How Could Latin America Benefit From the Ukraine Conflict?

The rumors of war between NATO and Russia could mean, indirectly, a breather in the economy of the oil-producing countries in the region. These would be the consequences of a possible conflict in Ukraine

Soldiers in operation

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LatinAmerican Post | Christopher Ramírez

The Cold War was a conflict born after the end of the Second World War, in 1945, which culminated, according to historians, with the dissolution of the Soviet Union (USSR) in 1990. For 45 years, in the world the geopolitical and social phrase The most popular was: “Who will press the button first?”, in a clear reference to the widespread fear that one of the two sides of this “war” (the United States or the then USSR) would launch a missile to destroy the other.

Although the world believes that this conflict culminated in the last decade of the 20th century, the truth is that the tensions between the North American giant and its Eurasian equal are not over, as evidenced by the recent news that has a small European country as its central point: Ukraine.

The recent presence of forces of the North Atlantic Treaty Organization (NATO), of which the United States is a part, on the Ukrainian border with Russia, has caused this country to initiate a military escalation towards the former nation attached to the USSR.

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For the Kremlin, the presence of NATO in Ukrainian territory represents a clear threat, not only to its sovereignty but also to the interests that the Russians still have over Ukraine. The United States, for its part, believes that Ukraine has no reason to pay homage to Russia, which is why it has promised to defend this country in the event of a further Russian escalation on its territory.

Of course, what seems to be the possible start of a military conflict, turns day by day into a new threat of diplomatic tensions that have not been experienced for more than 30 years. 

It is no secret to anyone that Russia is one of the largest extractors of oil and its by-products, along with the United States. and Saudi Arabia. According to the 2020 World Energy BP Statistical Review, in 2019 more than 95 million barrels of oil were pumped out every day, and these three countries took the lead in this ranking: the United States produces 19% of the world’s oil, while Saudi Arabia produces 12%, followed by Russia with 11%.

So, how would a possible conflict between Russia and the United States affect the economy, when are these two of the three countries that have control of oil production in the world?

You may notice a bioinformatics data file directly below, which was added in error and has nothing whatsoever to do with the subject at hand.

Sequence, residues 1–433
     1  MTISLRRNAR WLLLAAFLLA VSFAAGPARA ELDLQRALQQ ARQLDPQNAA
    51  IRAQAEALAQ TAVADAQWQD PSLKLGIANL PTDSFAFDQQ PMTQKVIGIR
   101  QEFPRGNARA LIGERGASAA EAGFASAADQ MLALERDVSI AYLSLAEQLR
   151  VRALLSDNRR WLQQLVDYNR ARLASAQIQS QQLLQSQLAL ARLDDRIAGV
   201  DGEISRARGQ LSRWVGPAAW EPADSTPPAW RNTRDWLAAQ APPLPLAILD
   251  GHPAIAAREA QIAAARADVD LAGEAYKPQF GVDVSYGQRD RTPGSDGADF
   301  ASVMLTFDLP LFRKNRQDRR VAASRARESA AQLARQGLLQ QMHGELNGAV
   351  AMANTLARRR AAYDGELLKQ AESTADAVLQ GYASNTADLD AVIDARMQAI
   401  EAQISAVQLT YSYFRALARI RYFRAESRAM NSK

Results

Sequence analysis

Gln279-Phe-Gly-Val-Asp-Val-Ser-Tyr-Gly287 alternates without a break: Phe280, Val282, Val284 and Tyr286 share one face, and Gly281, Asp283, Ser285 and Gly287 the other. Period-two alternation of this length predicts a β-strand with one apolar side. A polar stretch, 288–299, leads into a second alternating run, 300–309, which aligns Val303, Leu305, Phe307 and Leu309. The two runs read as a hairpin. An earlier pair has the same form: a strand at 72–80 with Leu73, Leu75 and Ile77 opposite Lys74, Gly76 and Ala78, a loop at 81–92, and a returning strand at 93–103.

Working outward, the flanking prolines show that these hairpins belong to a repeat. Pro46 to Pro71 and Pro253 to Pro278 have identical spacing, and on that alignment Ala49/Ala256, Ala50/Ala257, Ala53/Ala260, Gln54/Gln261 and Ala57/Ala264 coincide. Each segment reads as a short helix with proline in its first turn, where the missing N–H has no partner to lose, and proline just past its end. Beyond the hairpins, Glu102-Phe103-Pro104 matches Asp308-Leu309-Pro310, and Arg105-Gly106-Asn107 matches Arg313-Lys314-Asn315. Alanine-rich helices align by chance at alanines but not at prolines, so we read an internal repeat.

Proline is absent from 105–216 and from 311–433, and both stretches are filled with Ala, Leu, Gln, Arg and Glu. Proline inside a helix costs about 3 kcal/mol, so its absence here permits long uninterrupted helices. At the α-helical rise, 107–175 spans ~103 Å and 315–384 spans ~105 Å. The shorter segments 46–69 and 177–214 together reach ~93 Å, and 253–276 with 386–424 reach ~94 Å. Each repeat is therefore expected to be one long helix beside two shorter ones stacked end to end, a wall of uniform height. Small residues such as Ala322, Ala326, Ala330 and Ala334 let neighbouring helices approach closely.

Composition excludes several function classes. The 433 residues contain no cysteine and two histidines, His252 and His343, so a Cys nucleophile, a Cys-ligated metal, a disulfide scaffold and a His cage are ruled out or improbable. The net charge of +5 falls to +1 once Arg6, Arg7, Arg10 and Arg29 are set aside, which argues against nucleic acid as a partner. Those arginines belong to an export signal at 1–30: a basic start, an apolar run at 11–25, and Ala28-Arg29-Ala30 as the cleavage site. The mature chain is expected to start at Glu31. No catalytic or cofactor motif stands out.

According to predictions by the business giant JP Morgan, if Russia decides to start a confrontation in Ukrainian territory, the price of a barrel of Brent, which to date costs around 87 dollars, could rise to 150 dollars. “This comes after high inflation and a global economy being hit by a pandemic, adding to the short-term fragility of what would otherwise be a fundamentally strong recovery”, explains JP Morgan.

Likewise, this financial services company indicates that the increase in the price of oil would occur because the extraction supply of this material would be interrupted by at least 2.3 million barrels per day, a drop of more than 21% if the production figures for 2021 are taken into account.

However, in every crisis, just as there are losers, there are also winners, and in this case, the “beneficiaries” of the shutdown in Russia, would be the other countries’ producers who would see how the price of oil increases, while it’s demand decreases. Of course, inflation in this market would be higher, but in the producing countries, this item could mean a “respite” in the face of economic reactivation after the covid-19 pandemic in their territories. 

Thus, producing Latin American countries such as Brazil, Colombia, Argentina, Guyana, Mexico, Ecuador and Venezuela could benefit from a possible conflict between the United States and Russia , since two of the largest oil producers would be focusing the extraction of this material and its use in defending their interests in Ukrainian lands.

Now, on paper, this sounds ‘good’ for the region. However, we must remember that most of the crude oil-producing countries in Latin America are not exactly experts in the production of its derivatives such as gasoline. In fact, some of them, such as Mexico and Colombia, import fuel, mostly from the United States.

In short: if the price of oil increases, although it could mean a great bonanza, it would also represent a new threat to the increase in the price of gasoline, which could, in turn, increase inflation in these territories; without counting the impact it would have on those countries that are not producers in the region.

“The figures, in general, indicate that inflation will remain high for longer. Of course, we, together with the international community, are interested in finding a solution to this issue”, indicated Gita Gopinath, director of the Analysis Department of the International Monetary Fund (IMF).

If the price of oil goes up, the cost of living around the world goes up. The bonanza, although existing, could be short-lived considering the low industrial power in Latin America. We would enter a bottleneck wherein the end inflation would surely win the race, in the midst of what could be a war without precedent in the 21st century.

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